Flynn, who will only go so far as to admit having been “in the audience” that night, says, “this was during [British guitarist] Snakefinger’s initial encounter with the Residents. He was really a blues guitar player, for the most part, but heavily influenced by Frank Zappa. He had been going to several of these clubs, and the Residents had gone with him on occasion, and after getting bored out of their mind with all these mediocre acoustic singer/songwriters” – Flynn describes them as “James Taylor imitators” – “they came to the decision that, ‘Okay, we can do that, but we’ll do it differently.’”
Inspired by Captain Beefheart and Sun Ra, aspects of the proto-Residents’ music are startlingly in-your-face. Early song titles include “Go Fuck Yourself on the Doorknob, Mom,” and “Rusty Coathangers for the Doctor.”
Or there’s the Baby Sex tape, the second of two reel-to-reels the band sent to Hal Halverstadt of Warner Brothers, which had as its cover a silkscreen blown up from an ad for mail-order pornography from Denmark. It depicted a woman fellating a young boy – or perhaps it was a midget?
“All you can tell is it’s someone with short legs and a small penis,” Flynn offers.
If it all seems a little aggressive, consider that the band began as complete outsiders: Louisiana hippies, transplanted to San Francisco, with no particular musical skills or means of reaching the people they regarded as peers.
“They were looking for a window or a door to get in, not so much to get into the mainstream culture, but just to become a voice, in terms of the things they appreciated artistically. I think they felt like they needed to be aggressive to do that,” Flynn says. “While the Residents were never punk – they were always more ‘out ’ than that – there was a certain punk attitude or energy that infused their music.”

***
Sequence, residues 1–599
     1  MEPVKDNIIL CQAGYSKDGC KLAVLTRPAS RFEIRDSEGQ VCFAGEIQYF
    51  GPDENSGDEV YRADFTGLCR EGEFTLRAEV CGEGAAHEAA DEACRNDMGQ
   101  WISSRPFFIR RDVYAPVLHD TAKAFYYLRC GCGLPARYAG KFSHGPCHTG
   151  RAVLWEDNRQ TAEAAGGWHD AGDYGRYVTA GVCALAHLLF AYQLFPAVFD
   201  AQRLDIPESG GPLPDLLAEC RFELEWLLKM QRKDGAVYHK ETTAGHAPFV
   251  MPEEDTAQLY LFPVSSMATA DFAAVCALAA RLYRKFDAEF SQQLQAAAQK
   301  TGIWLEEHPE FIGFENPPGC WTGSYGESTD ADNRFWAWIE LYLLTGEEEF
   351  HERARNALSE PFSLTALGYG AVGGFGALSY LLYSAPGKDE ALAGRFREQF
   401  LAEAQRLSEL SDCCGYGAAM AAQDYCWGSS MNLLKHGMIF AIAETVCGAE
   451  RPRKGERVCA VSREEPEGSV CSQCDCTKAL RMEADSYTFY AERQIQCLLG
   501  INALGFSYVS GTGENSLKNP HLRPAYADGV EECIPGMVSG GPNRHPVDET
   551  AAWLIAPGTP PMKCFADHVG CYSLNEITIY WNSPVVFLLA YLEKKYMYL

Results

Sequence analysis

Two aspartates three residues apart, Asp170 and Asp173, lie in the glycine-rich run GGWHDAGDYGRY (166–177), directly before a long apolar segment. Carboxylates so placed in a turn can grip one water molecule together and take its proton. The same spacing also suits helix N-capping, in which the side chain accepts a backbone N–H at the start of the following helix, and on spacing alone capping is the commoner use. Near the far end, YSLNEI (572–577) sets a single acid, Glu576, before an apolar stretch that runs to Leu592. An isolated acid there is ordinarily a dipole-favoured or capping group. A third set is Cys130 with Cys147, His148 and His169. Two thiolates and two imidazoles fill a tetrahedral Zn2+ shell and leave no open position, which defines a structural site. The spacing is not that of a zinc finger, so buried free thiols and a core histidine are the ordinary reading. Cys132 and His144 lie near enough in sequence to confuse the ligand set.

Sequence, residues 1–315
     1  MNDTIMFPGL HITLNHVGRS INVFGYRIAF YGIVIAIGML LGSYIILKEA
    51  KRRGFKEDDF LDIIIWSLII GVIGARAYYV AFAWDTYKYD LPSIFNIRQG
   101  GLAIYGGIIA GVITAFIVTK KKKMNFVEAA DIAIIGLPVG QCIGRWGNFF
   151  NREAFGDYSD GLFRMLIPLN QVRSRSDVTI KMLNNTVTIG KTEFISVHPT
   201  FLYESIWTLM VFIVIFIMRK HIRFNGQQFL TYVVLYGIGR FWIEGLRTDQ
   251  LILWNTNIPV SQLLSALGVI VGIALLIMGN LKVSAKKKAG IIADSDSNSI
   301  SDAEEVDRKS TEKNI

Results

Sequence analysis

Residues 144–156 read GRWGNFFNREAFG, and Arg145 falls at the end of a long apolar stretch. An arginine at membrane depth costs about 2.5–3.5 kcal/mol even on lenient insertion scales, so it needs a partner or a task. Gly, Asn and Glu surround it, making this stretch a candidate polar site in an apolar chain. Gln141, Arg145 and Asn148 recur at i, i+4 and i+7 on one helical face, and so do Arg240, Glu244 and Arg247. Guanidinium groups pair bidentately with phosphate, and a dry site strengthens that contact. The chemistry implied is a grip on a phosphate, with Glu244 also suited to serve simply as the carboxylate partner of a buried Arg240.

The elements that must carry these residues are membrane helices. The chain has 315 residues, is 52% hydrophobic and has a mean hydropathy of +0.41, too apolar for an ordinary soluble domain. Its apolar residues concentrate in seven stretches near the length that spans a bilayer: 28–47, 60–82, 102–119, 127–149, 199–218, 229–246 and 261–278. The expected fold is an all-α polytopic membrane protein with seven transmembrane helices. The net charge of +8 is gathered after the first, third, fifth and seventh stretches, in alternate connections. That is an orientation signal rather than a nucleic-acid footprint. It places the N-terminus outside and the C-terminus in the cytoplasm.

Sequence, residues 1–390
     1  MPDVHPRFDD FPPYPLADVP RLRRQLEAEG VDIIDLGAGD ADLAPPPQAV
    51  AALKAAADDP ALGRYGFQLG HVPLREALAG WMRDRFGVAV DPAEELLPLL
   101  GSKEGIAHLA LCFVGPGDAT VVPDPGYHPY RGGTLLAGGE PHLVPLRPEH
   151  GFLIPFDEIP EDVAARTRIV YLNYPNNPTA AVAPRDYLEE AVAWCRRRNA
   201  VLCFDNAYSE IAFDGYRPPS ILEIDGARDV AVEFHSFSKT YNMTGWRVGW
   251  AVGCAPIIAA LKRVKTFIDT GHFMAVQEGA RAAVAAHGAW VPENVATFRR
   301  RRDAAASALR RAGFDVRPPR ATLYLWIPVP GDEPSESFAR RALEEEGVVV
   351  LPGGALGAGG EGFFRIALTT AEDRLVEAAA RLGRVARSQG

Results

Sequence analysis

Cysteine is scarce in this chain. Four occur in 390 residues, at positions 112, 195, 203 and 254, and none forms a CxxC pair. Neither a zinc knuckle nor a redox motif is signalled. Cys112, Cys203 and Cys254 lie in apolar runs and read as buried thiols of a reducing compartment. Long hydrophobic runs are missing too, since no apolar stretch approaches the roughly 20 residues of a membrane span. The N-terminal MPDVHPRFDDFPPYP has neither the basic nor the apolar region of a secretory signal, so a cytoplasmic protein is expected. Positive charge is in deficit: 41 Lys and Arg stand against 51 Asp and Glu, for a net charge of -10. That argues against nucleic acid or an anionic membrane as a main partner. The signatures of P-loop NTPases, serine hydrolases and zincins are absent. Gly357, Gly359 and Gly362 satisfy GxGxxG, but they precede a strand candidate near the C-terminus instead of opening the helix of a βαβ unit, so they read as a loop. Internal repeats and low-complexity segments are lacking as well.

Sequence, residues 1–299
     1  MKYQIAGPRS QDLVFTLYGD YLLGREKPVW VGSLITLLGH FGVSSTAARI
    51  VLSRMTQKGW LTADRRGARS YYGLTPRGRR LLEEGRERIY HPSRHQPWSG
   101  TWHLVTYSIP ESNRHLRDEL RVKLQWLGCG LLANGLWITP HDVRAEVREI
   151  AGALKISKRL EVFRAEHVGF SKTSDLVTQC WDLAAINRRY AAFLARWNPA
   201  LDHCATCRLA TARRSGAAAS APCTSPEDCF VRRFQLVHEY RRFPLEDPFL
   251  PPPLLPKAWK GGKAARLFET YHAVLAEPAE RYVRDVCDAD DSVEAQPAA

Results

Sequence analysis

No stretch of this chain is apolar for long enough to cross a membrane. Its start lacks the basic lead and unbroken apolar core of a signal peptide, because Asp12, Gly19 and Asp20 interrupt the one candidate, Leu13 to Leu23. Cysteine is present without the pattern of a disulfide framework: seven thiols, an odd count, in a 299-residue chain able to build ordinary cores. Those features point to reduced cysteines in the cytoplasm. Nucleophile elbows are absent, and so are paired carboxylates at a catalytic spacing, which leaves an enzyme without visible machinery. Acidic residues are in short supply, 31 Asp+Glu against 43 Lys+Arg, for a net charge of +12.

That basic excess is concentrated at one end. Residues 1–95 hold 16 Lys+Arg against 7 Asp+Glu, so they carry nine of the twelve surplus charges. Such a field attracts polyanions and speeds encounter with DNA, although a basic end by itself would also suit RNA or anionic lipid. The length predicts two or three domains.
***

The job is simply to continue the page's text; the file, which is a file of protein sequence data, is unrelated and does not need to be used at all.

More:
Forty-odd years later, the band has played a pioneering role in the world of rock videos, CD ROM multimedia art, and even advertising – having paid a San Francisco radio station, KFRC, to play each minute-long song on their Commercial Album over the course of 40 advertising slots. As seen in the film, they have had a refrigerator filled with their complete works (and one eyeball) put into the permanent collection at the Museum of Modern Art. And the band continues to present their media-enhanced, heavily costumed, and weird-as-fuck stageshow to hosts of rabid fans and puzzled noobs the world over.
The lineup is “in flux” at present, Flynn says, with rumours of members, real or fictional, retiring. But whoever exactly the Residents are, at present, they will be at the Rio on April 14, performing after a screening of Theory of Obscurity. Flynn – who at the very least will be in the audience – explains that the tour is themed around “birth, rebirth, reincarnation, and near death experiences,” featuring a hand-picked selection of songs from their back catalogue that fit the bill.
As for the film? “I’m happy with it,” Flynn acknowledges. “I thought that (filmmaker) Don Hardy did an amazing job of taking 40-plus years of Residents’ craziness and condensing it down into an hour and a half. It’s not a job I would have wanted.”
• The San Francisco experimental music and art collective present a screening of their new documentary, Theory of Obscurity, followed by a live performance by the band this Thursday, April 14, at the Rio Theatre.